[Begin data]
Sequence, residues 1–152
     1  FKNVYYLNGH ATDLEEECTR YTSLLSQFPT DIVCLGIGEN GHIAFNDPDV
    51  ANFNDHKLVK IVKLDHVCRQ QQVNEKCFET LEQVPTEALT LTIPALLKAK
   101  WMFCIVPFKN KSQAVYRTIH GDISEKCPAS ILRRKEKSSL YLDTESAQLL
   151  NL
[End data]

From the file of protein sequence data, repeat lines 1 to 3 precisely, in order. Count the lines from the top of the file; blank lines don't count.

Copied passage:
Sequence, residues 1–152
     1  FKNVYYLNGH ATDLEEECTR YTSLLSQFPT DIVCLGIGEN GHIAFNDPDV
    51  ANFNDHKLVK IVKLDHVCRQ QQVNEKCFET LEQVPTEALT LTIPALLKAK